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Recently I was one of three witnesses to testify before a House committee hearing on whether the cost of health insurance will be higher or lower for people who cannot obtain it through their employer when important provisions of the Affordable Care Act go into effect in a few months.

I cited studies that indicate the overall cost of coverage — premiums plus out-of-pocket obligations — will be lower. The others on the panel — Douglas Holtz-Eakin, who was director of the Congressional Budget Office during the Bush Administration, and Christopher Carlson of the actuarial firm Oliver Wyman, cited their own studies that indicate costs could be higher for some young adults who have benefited over the years from the prevalent insurance industry practice of charging older people up to 10 times as much as they charge younger folks.

Insurers will not be able to do that much longer. Beginning January 1, they’ll be prohibited from charging someone more than three times as much for insurance as anyone else for the same policy.

Congress would have been better served, in my opinion, if the witness list had included Jim Elder, a retired small business owner from Florida who I interviewed last week as I was preparing for my testimony and this column.

He would have been a better witness than all three of us combined, hands down. That’s because his story would have served as a real-world reminder of just how unaffordable — and even unavailable — health insurance has become for average middle-class Americans who have done nothing wrong other than get sick.

Jim Elder might not be a widower today had premiums for the health insurance coverage he was providing for his family and his employees not become so unaffordable after his wife was diagnosed with breast cancer that he had no option but to drop coverage for everybody.

Elder became a victim of a common but little known practice in the health insurance business called purging. That’s a term insurance executives use behind closed doors (and during conversations with shareholders and Wall Street financial analysts) to describe what they do to small businesses after an employee or dependent gets sick: jack premiums up so high that the employer either has to shift far more of the cost of coverage to workers or stop offering coverage altogether. In many cases, they are not offered a policy at any price.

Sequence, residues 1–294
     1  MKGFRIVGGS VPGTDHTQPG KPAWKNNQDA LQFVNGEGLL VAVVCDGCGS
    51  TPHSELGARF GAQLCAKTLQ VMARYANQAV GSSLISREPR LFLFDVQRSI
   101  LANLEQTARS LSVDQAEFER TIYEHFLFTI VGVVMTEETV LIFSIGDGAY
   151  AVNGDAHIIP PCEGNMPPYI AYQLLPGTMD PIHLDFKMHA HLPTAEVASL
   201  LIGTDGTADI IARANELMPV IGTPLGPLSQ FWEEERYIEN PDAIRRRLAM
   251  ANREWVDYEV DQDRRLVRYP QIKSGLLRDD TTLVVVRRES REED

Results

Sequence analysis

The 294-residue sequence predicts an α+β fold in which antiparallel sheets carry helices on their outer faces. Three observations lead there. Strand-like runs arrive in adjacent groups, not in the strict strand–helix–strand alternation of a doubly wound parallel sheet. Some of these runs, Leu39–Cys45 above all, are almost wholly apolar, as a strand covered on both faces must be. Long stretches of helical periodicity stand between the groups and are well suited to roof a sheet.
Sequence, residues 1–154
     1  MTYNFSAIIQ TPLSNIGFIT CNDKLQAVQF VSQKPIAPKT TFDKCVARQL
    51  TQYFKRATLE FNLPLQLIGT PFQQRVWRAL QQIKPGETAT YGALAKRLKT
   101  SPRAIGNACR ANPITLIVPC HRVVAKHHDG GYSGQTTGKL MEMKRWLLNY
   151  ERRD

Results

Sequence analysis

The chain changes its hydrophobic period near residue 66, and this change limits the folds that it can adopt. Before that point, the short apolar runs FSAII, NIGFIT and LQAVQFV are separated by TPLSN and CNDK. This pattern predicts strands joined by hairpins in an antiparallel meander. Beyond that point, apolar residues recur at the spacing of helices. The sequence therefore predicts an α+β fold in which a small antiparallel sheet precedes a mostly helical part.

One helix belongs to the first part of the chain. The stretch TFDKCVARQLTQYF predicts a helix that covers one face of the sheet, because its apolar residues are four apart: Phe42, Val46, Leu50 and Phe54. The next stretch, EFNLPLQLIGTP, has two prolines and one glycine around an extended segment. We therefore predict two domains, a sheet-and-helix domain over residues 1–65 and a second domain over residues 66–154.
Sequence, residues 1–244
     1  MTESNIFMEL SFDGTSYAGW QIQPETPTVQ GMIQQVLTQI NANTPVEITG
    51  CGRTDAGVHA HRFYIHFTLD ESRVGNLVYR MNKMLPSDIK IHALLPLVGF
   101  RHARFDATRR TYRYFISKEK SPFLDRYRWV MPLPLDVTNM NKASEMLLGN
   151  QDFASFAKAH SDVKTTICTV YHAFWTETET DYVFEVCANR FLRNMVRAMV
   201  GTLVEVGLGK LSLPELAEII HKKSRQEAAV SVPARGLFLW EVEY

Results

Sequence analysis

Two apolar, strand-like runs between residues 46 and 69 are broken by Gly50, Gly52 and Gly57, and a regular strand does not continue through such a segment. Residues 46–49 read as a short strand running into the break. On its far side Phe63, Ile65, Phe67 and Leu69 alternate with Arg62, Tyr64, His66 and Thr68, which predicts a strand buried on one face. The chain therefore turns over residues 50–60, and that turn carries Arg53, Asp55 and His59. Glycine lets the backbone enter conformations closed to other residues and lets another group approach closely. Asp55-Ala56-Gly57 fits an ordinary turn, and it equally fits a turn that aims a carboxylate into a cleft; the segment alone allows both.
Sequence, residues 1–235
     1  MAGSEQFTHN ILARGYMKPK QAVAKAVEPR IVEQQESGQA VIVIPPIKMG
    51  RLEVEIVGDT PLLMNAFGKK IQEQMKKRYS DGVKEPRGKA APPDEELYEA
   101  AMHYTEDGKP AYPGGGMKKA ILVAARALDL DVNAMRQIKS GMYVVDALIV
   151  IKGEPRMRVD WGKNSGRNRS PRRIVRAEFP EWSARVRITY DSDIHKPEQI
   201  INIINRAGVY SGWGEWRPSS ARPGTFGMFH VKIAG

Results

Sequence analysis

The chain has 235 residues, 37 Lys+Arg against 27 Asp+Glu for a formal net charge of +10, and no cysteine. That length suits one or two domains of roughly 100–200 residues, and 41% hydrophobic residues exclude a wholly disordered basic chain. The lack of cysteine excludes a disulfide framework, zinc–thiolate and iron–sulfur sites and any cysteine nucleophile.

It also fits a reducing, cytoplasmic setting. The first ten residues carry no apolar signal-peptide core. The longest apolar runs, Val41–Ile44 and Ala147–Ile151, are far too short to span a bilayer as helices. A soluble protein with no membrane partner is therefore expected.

Purging explains why far fewer small businesses offer health insurance to employees than a decade ago. And it’s one of the reasons I decided to leave my insurance company job. I couldn’t in good conscience continue working for an industry in which coverage for life-saving medical care was priced beyond the ability of millions of Americans to pay for no reason other than to meet profit goals.

Jim Elder’s wife, Leslie, died an untimely death at age 63 last summer, uninsured and facing foreclosure because no insurance company was willing to sell the Elders an affordable policy because of her age and, ultimately, her serious but treatable illness, Hodgkin’s lymphoma.

I learned of the Elders from a CNN report that described the nightmarish roller coaster they were on. Until Leslie got sick, they had what they thought was good medical coverage with stable premiums. Soon after her initial cancer treatments, they had no coverage at all because Elder Auto Repair was purged by Jim’s insurer. And in between: skyrocketing insurance premiums, high deductibles and stacks of unpaid medical bills. The Elders had to deplete their IRA and savings account to pay for Leslie’s care and were ultimately forced into foreclosure.

The Elders could not find affordable health insurance, and from the industry’s perspective, it’s easy to see why: insuring Leslie would not have been profitable. This is the dilemma we face as Americans, as we try to balance the demands of a health insurance industry driven by money against the needs of friends, family and loved ones who require insurance to survive and be productive citizens.

I know firsthand that insurers are eager to avoid the expense of providing coverage for people who, because of their age and health status, might need costly medical care. In a 2009 policy paper, America’s Health Insurance Plans, the industry’s biggest trade group, acknowledged that almost a third of people in Leslie’s age group were denied coverage every year.

One of the reasons for the congressional hearing was the industry’s massive PR and lobbying campaign to try to get Congress to change Obamacare so that states can decide how much insurers can charge people based on age. That would enable them to maintain the very profitable status quo. By restricting the amount insurers can charge older Americans, however, the Affordable Care Act will foil their attempts to deny coverage to people they want to avoid by charging exorbitant premiums. People who need medical care the most. People like Leslie Elder.

This new restriction is one of the most important consumer protections in the reform law. It would be a tragedy if Congress guts it.

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